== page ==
The following is a Facebook post by former chief economist of GIC, Mr Yeoh Lam Keong.
With due respect to the very able DPM Tharman, and while the admission of the dysfunction of the CPFIS is a good and honest admission, I find his discussion of retirement adequacy and CPF ..somewhat well ..inadequate.
First, while the CPF is a transparent and safe forced defined contribution savings system with great integrity that has much potential, the fact is that in spite of engendering one of the highest personal savings rates in the world, it is sadly inadequate for retirement adequacy for both the lower and middle income groups.
Replacement rates (pension income as a ratio to last drawn pay) are significantly below 50%, whereas most developed countries with sustainable pension systems offer citizens retirement rates well above.
The elderly poor in particular do not have pensions that guarantee basic living costs and thus a growing and sizeable number will live in absolute poverty as the baby boomers age. Many are poorly educated and have earned incomes while we were still a low and middle income country but must now retire with one of the highest first world living costs in the world .
We like we have laudably introduced a basic means tested non contributory pension (the Silver Support Scheme or SSS) to address this together with schemes like public assistance, such support had been inadequate and much too miserly. The average monthly payout of $200 for the SSS needs to rise to $500-600 pm to begin to address the basic needs of our poor elderly pioneers. The fiscal cost rises from 0.3% of GDP now to around 0.7% in 2050 when the number of elderly baby boomers peak.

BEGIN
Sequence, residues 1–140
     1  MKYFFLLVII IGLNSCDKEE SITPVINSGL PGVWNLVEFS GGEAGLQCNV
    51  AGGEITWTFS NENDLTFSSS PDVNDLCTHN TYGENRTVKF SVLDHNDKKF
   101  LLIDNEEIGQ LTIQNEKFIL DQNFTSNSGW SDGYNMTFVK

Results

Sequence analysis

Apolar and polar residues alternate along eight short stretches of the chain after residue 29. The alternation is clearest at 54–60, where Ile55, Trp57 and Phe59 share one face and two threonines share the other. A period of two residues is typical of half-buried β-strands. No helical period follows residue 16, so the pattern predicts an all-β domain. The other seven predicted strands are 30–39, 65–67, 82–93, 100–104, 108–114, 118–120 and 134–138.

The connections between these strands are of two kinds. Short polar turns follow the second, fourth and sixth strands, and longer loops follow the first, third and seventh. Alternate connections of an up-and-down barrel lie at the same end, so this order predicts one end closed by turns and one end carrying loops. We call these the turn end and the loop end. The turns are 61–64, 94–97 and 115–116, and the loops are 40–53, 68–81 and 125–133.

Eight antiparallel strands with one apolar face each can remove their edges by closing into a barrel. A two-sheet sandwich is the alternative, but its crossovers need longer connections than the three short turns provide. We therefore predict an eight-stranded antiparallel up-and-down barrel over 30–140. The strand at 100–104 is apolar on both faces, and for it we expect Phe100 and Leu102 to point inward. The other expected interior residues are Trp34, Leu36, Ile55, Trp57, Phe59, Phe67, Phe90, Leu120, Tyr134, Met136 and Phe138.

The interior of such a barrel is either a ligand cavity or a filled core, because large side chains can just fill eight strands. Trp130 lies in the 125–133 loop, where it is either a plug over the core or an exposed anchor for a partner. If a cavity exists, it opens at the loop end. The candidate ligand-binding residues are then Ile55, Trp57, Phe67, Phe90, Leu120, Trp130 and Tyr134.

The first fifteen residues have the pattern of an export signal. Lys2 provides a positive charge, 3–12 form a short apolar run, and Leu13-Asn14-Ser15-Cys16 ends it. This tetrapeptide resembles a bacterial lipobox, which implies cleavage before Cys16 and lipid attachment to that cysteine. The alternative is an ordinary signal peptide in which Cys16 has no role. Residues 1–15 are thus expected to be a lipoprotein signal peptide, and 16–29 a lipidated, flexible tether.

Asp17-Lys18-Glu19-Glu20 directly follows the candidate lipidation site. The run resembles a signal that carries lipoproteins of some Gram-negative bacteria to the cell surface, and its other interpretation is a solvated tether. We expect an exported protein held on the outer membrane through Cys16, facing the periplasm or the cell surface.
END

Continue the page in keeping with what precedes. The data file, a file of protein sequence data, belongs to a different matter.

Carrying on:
This is an important “first pillar” element that use government finance or redistribution / insurance systems to look after the poor and less fortunate who end up at the bottom of the retirement adequacy pile.
While CPF pays a relatively high guaranteed interest rate, that is not the best or even an adequate return for a pension system. A more helpful and fairer rate world be the long term real rate of return (around 4%) earned by GIC. By comparison, the average CPF long term real interest rate has been around 1.5%. Every extra 1% paid to CPF members makes a big difference to replacement ratios at the end of 40 years of saving die to the powerful impact of compounding.
This is an important boost to the “second pillar” of investment options for compulsory defined contribution pension payments that CPF currently pays its member way too little on or at least, to be charitable, offers only a way too restricted low real return gauranteed product.
These 2 reforms alone strengthening our first 2 pension pillars are eminently affordable and would make a huge difference in long term pension adequate for both the poor and middle classes.
In addition to central state (GIC) management, well regulated and user friendly passive and good private sector pension products by experienced and reputable providers are also missing in action. This is what has been pointed out by DPM at long last. Most developed countries have been doing this for decades, e.g. the well established superannuation systems of Australia or NZ.
Allowing competition with GIC in the management of such CPF pension funds could further boost the options for reasonably safe long term options in our “second pillar” as well as develop our badly underdeveloped “third pillar” – voluntary pension savings for the population as a whole.
This would also potentially result in the greater development of the pension fund management ecosystem – locally domiciled pension fund managers, custodians, financial advisory and assessment firms- which has also been missing in action in our financial sector compared to countries with such alternatives.
So while its commendable that DPM Tharman has squarely brought the inadequacy of the CPFIS to address the all important issue of retirement adequacy, isn’t the scope of the debate and the focus of much needed retirement adequacy, pension and CPF reform still much too … inadequate?Follow us on Social Media
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